Fantastic interview with Professor François Grosjean, my all-time favourite specialist on bilingualism, conducted by Fabrice Jaumont, Education Attaché at the Cultural Services in New York. The video is brimming with useful information, to-the-point observations and helpful advice on raising bilingual children, not forgetting interesting insights into Professor Grosjean’s own bilingual background.
The interview lasts about 1 hour and 20 minutes, and you can find an outline of it below, so you can easily jump to a topic that is especially interesting for you, if you wish. I do, however, recommend that you listen to the whole video, it is definitely worth it! Where relevant, I have also linked to my own post on the topic at hand.
02:55 Prof Grosjean speaks about his youth, living in the UK, France and the U.S. How he is a mosaic of cultures.
04:13 When did he become bilingual? – Did you know he was not a child bilingual? And did you know his mother actually kidnapped him and moved him to an English-speaking school?!
05:08 Prof Grosjean tells us about his own family’s bilingualism and how they started off wrongly with their own children. There is a very comforting message to you if you feel it might be too late to pass on your language to your child!
06:36 Prof Grosjean answers the question whether his language skills helped him become a researcher and author.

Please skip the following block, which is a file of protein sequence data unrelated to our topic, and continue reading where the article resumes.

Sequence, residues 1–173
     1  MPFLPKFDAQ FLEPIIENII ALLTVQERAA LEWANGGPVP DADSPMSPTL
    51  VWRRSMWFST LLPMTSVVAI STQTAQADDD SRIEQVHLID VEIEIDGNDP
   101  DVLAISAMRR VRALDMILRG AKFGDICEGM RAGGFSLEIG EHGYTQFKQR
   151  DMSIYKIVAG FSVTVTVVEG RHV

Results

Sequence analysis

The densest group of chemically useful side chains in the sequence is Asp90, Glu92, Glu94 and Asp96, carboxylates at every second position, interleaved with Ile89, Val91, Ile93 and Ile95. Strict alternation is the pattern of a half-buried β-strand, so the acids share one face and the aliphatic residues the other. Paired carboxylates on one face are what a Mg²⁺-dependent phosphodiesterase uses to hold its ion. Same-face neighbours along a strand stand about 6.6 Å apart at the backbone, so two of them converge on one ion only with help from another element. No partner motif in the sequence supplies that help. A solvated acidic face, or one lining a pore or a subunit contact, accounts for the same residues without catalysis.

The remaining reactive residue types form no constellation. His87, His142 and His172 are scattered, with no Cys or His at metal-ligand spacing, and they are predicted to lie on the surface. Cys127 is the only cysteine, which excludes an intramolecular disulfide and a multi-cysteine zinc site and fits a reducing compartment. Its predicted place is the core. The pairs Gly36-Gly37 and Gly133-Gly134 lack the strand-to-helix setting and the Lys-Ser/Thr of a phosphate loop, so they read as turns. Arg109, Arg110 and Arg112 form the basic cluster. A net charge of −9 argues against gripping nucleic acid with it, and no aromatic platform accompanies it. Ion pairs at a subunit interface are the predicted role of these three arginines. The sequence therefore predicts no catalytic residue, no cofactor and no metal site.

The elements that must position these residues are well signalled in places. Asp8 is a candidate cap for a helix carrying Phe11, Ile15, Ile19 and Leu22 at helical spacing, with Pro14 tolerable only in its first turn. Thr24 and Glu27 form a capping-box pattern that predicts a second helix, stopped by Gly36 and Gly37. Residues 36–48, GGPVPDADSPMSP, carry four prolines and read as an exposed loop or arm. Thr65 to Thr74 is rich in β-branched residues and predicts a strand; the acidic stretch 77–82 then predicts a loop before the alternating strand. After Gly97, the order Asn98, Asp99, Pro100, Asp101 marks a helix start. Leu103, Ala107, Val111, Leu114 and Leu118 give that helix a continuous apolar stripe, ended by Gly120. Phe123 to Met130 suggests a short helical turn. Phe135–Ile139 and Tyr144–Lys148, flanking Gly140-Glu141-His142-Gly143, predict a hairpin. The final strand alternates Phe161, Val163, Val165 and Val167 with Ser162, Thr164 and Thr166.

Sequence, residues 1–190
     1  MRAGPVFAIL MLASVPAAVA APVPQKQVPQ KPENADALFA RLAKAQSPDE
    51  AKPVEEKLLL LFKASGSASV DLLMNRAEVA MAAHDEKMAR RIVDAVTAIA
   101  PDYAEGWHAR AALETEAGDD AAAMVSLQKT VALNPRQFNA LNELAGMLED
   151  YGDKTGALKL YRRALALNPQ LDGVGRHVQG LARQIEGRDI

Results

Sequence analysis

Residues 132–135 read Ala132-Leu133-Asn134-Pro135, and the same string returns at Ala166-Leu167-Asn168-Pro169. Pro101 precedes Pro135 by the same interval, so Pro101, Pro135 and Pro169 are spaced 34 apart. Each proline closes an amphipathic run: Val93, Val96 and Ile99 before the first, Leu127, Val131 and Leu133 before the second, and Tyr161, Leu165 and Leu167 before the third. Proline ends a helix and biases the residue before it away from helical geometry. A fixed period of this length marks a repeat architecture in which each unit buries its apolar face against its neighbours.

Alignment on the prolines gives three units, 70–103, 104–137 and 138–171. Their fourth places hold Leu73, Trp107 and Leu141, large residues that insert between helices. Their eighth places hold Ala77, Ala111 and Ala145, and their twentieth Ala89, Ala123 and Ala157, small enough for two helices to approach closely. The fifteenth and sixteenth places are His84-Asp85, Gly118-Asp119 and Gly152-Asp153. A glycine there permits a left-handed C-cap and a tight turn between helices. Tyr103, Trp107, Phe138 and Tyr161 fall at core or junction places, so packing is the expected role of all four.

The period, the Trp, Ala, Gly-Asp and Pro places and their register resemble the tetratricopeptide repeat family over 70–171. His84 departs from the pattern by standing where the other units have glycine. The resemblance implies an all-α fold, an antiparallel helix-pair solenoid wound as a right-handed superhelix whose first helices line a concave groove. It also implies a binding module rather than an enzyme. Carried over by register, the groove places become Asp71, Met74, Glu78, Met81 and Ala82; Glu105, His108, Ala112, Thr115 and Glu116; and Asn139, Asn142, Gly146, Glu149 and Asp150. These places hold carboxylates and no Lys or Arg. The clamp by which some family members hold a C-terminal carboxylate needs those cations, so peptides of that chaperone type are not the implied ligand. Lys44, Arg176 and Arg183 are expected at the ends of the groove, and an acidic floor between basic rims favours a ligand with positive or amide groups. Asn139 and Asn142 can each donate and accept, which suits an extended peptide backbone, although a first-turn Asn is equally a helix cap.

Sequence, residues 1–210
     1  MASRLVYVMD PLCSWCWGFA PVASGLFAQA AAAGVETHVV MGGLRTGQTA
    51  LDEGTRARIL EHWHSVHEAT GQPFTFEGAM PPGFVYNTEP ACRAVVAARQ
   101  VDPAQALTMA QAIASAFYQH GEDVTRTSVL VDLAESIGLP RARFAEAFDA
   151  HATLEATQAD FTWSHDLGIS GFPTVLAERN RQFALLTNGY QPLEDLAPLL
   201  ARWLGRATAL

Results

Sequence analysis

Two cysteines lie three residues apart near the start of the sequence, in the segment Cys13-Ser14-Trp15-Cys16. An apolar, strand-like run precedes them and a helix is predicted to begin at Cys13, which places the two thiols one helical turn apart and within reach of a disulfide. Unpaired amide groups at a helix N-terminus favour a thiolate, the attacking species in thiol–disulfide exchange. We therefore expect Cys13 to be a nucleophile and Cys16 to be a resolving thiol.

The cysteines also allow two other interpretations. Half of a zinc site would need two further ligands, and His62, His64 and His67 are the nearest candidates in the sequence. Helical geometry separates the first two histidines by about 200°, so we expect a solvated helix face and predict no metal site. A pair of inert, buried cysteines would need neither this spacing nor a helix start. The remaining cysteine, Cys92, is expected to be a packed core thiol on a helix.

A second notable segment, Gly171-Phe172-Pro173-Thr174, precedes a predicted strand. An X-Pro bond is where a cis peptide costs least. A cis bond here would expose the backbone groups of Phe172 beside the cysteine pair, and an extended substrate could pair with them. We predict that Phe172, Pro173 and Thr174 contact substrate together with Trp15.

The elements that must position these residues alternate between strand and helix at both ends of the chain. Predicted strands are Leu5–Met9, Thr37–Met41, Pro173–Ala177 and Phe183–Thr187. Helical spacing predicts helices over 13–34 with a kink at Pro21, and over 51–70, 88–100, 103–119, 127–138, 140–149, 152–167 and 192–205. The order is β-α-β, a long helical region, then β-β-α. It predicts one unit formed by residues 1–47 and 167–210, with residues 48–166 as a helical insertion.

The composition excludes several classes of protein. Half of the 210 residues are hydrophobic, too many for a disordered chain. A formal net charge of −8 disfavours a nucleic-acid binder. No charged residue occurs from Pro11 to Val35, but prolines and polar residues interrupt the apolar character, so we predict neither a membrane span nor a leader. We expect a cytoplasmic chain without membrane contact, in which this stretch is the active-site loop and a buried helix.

07:34 He emphasises that to try to understand bilingualism, you have to also read the research about it. Being bilingual does not make you an expert on bilingualism.
08:23 Prof Grosjean speaks about his books “Bilingual – Life and Reality” (English) and “Parler Plusieurs Langues: Le Monde de Bilingues. (French) and describes how his wish to write books about bilingualism for the general public became reality, both in English and French. Swiss chocolate and senior citizens have played an important role!
11:07 Prof Grosjean describes what his books are about:
– What is bilingualism? How half the world’s population is bilingual. How you can become bilingual at any point in life. How bilinguals are not born translators. How bilingualism does not necessarily mean biculturalism.
– Busting the myths: Bilingualism does not cause any delay in children’s language development, nor in their general learning.
12:06 “Who is bilingual?” Prof Grosjean’s definition: ‘Those who regularly use two or more languages in their everyday lives’, and explains his thinking behind this. You don’t have to be fully fluent, speak without an accent nor have to have learnt your languages at an early age.
13:20 Why is the monolingual view on bilingualism still so pervasive? Bilinguals are not two monolinguals in one, but communicators in their own right and should not be measured by monolingual yardsticks.
15:54 The complementarity principle (first characteristic of bilingualism). Bilinguals use their languages in different domains of life and have a varying fluency in them. Their language dominance changes throughout their lives. Why bilingual children do not develop equal vocabularies in all their languages.
18:38 Language mode (second characteristic of bilingualism). Bilingual vs monolingual mode. Language choice – should another language be brought in or not? Code-switching and borrowing. Continuum of choice between the different modes during communication. In the bilingual mode, bilingual people can use the full extent of their languages to communicate, interact, read and write.